The task formulated in the present project for the European Commission and all the relevant stakeholders is primarily the promotion of and/or the reduction of psychosocial risk factors at work. In the complex web of factors through which job conditions can influence employees’ health, there are also health-promoting factors which may counteract the adverse effects of psychosocial risk factors. Examples of such factors are listening and constructively supportive management, and organization of health-promoting activities for employees (resources for physical training at work and cultural activities such as joint attendance at concerts and theatre performances). The latter health-promoting factors have been shown to be beneficial to employees’ health[8]. The management´s involvement in the PSC is central to the work with psychosocial risk factors and can be assessed by means of an assessment tool (for instance Bailey, Dollard and Richards[5]). It has been shown in Swedish longitudinal studies that manager attitudes to employees are hardening during societal crisis periods with increasing unemployment[6] and that interest in organizing cultural activities associated with work decreases. According to results in Swedish studies, during such periods, managers also tend to be less willing to listen to their own employees[7]. It is expected that the reduction of psychosocial risk factors is facilitated by a constructively communicating leadership and by discussions stimulated by cultural activities in the workplace.

This presentation is focused on the reduction of harmful psychosocial risk factors at work in relation to mental health. The concept of mental health should be perceived broadly, however. There is accumulating evidence showing that working conditions that increase the risk of developing depression, anxiety and related mental disorders are also associated with somatic ones such as cardiovascular disease, stroke, diabetes, and musculoskeletal disorders. Modern science has shown that there are common biological pathways, such as immunological and endocrinological ones, to mental and somatic disorders. In addition, some adverse health behaviors such as cigarette smoking and lack of physical activity are aggravated by poor working conditions. When the concept of mental health is used in the present document, we are referring to its broad definition which includes psychological as well as somatic conditions with broad implications for health.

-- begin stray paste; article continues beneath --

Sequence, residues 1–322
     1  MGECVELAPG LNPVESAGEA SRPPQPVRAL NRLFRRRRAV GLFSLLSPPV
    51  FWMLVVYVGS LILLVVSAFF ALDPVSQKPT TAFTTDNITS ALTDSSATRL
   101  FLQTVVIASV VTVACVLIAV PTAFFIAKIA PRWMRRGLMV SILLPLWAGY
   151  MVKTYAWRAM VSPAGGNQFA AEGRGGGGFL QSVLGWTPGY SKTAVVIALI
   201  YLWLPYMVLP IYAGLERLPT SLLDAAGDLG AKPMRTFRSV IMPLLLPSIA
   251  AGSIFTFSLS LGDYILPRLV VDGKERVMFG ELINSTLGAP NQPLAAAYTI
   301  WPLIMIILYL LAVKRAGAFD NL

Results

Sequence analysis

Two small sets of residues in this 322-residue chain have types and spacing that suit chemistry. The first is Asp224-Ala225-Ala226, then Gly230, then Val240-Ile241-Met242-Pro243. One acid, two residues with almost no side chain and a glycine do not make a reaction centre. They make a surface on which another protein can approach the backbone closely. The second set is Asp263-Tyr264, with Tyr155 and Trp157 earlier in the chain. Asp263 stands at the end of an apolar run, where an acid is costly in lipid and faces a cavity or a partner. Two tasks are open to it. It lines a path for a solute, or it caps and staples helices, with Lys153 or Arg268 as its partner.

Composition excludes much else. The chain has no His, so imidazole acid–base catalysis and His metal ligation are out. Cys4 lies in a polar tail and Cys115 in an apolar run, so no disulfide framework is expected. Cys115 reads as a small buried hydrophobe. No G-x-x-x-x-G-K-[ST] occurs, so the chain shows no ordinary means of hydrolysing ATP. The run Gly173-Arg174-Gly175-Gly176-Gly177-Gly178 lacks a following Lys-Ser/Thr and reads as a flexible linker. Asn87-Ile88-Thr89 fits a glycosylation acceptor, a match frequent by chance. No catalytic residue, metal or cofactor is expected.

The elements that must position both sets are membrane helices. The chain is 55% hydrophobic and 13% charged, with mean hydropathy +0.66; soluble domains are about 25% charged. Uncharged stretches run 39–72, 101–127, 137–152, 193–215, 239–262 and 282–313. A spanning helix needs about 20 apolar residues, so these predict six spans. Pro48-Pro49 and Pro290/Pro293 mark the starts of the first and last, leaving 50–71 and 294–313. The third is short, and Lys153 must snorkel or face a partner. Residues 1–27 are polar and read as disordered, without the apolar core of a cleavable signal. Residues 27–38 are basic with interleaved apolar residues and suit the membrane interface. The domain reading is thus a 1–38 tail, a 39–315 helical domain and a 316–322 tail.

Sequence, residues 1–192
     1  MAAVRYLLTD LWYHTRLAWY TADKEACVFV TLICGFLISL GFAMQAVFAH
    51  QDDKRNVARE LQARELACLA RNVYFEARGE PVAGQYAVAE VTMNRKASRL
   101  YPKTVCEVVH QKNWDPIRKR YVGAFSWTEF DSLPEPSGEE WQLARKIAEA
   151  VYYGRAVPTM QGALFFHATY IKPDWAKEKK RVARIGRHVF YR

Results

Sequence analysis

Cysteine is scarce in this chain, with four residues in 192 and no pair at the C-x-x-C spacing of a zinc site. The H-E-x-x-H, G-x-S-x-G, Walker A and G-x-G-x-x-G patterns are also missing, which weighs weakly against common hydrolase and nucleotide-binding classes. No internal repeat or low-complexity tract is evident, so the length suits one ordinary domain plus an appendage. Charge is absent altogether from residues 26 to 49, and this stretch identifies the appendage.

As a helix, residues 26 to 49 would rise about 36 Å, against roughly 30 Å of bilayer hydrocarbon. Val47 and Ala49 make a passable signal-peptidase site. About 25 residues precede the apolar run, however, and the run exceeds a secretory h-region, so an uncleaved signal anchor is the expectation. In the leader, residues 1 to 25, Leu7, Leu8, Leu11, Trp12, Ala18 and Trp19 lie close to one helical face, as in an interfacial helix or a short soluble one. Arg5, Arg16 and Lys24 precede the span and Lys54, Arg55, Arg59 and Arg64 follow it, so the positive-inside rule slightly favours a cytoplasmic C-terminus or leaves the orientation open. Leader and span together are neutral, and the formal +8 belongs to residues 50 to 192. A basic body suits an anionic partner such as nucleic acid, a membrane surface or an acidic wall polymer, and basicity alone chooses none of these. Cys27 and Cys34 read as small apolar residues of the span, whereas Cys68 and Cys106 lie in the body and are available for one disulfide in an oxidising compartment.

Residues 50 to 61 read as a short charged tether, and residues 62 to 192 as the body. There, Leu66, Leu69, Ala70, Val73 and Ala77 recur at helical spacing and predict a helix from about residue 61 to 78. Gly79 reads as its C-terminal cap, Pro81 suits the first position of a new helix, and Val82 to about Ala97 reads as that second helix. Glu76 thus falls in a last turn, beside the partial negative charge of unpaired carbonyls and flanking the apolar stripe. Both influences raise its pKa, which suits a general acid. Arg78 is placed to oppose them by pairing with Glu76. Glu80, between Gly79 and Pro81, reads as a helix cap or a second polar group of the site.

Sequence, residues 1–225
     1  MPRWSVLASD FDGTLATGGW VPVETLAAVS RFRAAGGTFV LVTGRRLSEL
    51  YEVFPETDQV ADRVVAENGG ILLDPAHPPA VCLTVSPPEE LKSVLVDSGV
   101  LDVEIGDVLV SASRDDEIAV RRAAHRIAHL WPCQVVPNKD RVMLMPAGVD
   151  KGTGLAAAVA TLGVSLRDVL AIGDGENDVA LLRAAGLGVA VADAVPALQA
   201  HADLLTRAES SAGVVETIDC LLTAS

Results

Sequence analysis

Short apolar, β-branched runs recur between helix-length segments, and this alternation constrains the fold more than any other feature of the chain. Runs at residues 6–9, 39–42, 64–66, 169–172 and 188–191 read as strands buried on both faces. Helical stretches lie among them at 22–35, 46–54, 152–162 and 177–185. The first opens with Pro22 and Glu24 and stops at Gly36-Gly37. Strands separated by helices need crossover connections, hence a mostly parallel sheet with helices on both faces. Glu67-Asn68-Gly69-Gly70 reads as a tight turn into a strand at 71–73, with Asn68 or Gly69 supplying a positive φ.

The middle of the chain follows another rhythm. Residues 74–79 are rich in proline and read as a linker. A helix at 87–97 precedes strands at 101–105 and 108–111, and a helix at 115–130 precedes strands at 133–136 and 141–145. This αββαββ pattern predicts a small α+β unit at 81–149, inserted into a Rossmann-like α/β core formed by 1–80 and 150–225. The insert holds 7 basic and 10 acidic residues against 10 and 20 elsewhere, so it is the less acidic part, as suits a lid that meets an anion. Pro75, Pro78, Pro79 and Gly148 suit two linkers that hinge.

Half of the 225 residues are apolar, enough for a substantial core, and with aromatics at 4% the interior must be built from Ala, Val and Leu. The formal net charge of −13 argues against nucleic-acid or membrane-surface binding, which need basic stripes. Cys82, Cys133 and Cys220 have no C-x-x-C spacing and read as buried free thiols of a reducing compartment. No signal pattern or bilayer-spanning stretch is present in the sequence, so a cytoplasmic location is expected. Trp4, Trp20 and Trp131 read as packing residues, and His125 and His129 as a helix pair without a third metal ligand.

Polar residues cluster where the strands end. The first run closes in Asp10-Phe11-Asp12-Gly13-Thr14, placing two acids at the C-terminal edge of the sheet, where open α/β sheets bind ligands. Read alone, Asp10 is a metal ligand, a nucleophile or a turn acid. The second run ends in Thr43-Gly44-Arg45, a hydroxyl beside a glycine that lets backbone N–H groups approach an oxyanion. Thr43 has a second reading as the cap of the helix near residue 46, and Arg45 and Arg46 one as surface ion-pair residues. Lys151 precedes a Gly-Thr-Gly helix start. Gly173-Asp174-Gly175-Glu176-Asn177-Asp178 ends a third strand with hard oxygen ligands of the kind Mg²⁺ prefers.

It should also be pointed out that psychosocial factors interact with physical, chemical, or other risk factors. Accordingly, it has been shown, for instance, that exposure to noise (at home or at work) amplifies the effect on the mental health of a poor psychosocial work situation (see below).

Stressors

Finally, in biological terms “negative” stress factors[8], such as psychosocial risk factors at work, are operating in a complex interplay with positive factors. In Figure 1, psychosocial risk factors at work should be considered stressors – factors that induce stress reactions. However, stressors to the left in the figure could always be balanced by anti-stressors. The variation from bottom black to top white illustrates that stressors could turn into anti-stressors and vice versa. A working condition that was initially regarded as a stressor could be transformed into a positive protective factor. A psychosocial intervention which was planned as a beneficial process could unexpectedly turn into a bad stressor. This dynamic view is also mirrored in the other parts of the diagram. Stressors and anti-stressors induce either catabolism (corresponding to the release of energy) or anabolism (corresponding to regeneration and build-up of resources) which is displayed to the right. In the middle of the diagram, coping could be either destructive (black) or constructive (white). Our coping is constantly changing throughout life, and it is influenced by the experiences we have and by our genetic makeup. Thus, our coping is to some extent influenced positively or negatively by the experiences we have at work. In addition, a rapidly developing scientific field, epigenetics, has shown that the activity levels of the genes are to some extent regulated by conditions in the environment, making us more or less sensitive to stressors. It has been shown that genes can be methylated and de-methylated, for instance – which is part of the chemical background. The conclusion is that stressors act in a dynamic and complex system and that of course, positive conditions can counterbalance the effects of bad ones.